after talking with marc from xp camper, who was kind enough to share some of his new lifting system details, I’ve chosen to go with hydraulics vs. electric actuators, vs. pneumatic cylinders. I first wanted pneumatic, because I already have on board air, but air is too fast & uneven to control, plus with this kind of system I couldn’t use the air to hold down the roof while driving (I’d need exterior clamps which I didn’t want for security reasons). actuators were my next impulse purely to avoid hydraulic fluid leaks, but I found the speed too slow, or the voltage too high (36 volt) for faster models. plus it’s impossible to assure the same speed between all four lifts. I’ve been talking with about a bidirectional system (power up-power down) with solenoids to hold the load in both directions, this system wouldn’t offer a manual override as does marc’s @ xv camper, but it would offer everything else in a simple to use package. I really like the idea of a manual override, but I will have four batteries on board, if I can’t get any power whatsoever, I’ve got bigger problems! so I think I’m prioritizing, but anything can happen between now & then.


This past weekend I got the rear bumper & winch installed,wired the reverse lights,  mounted the spare tire mounting plate, installed the pulley receivers, Bethany came by & helped me install all 3 windows, & installed the entry door stop/holder. I also had the tail pipe rerouted, as I had it cut several months ago because it exited the vehicle right where the steps are, so now it goes behind the steps, then turns & exist just to the rear of the steps. Jeremy @ goofy’s muffler in Glenwood did a great job not only rerouting the tail pipe, but also fabricating a new mount that bolts to the frame holding it all stable, & avoiding the potential motion of the pivot frame.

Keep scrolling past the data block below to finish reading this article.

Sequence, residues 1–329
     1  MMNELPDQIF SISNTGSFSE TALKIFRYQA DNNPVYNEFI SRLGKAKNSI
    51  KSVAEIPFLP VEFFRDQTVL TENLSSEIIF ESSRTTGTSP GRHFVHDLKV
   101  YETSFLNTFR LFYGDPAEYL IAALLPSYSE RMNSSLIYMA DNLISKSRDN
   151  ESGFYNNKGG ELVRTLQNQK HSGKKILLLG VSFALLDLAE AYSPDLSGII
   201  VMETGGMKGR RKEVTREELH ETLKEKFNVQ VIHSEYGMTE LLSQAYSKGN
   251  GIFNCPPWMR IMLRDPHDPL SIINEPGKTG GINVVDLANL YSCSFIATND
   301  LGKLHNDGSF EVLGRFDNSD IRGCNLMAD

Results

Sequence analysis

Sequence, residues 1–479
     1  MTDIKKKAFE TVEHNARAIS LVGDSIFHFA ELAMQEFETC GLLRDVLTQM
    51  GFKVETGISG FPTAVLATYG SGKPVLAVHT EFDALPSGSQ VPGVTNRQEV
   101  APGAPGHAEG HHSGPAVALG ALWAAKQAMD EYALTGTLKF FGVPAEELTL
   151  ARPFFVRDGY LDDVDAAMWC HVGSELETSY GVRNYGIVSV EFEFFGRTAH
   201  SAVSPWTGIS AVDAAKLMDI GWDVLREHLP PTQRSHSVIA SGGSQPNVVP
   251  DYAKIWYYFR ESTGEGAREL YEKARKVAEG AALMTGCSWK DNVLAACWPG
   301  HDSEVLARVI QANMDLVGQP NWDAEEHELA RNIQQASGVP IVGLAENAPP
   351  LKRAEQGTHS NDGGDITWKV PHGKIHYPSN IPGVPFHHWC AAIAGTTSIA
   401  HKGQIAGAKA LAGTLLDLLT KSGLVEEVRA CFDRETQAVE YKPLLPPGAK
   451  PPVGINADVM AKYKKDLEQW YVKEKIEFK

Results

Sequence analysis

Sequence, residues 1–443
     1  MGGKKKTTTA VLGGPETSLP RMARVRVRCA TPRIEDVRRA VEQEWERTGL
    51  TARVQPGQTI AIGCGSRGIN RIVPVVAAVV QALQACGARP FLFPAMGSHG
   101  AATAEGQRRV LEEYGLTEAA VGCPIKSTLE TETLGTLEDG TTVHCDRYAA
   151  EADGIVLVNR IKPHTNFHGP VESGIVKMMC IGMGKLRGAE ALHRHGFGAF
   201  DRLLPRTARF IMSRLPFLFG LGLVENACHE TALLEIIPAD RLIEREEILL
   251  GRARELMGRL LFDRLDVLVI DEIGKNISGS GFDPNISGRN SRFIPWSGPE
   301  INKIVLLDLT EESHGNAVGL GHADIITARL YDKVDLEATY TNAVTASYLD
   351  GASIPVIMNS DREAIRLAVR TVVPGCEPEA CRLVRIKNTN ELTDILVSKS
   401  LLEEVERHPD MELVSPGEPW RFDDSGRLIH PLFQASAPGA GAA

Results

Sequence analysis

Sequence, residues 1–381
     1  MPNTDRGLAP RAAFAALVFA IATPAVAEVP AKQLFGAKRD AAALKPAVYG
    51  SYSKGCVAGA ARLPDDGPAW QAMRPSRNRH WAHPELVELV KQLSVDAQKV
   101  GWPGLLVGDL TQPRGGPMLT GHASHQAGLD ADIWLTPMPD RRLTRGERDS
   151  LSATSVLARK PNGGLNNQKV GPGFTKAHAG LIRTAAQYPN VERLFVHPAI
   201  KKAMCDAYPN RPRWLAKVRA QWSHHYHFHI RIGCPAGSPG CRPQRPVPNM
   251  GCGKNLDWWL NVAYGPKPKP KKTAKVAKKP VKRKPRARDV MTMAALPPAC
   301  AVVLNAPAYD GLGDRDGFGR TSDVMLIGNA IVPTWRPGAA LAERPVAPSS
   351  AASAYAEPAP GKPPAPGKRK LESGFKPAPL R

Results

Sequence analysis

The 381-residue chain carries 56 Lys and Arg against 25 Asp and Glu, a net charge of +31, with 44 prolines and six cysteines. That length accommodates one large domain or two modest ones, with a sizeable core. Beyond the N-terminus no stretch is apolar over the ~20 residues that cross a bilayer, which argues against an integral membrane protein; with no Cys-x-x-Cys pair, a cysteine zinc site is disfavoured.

I also trimmed off all the caulk bead that splooged out from behind the floor line trim, now that it was dry, & trimmed some butyl that oozed out from behind the entry door installation. All four walls are now cleaned, lightly sanded, & ready for a future paint job. (that won’t happen for a while)

Bethany & I are off camping along the california coast for about 10 days, harvest valley specialties is off making the wall caps, radius wall cap pieces & lower storage compartment doors, all of which will go on, early April.



  1. My Good Man – Steve – It appears you’re as careful
    building this project as you were picking out a woman to marry! (I’m bias, but I think you did pretty good on the wife part.) May both continue to bring completeness to your life…for a lifetime.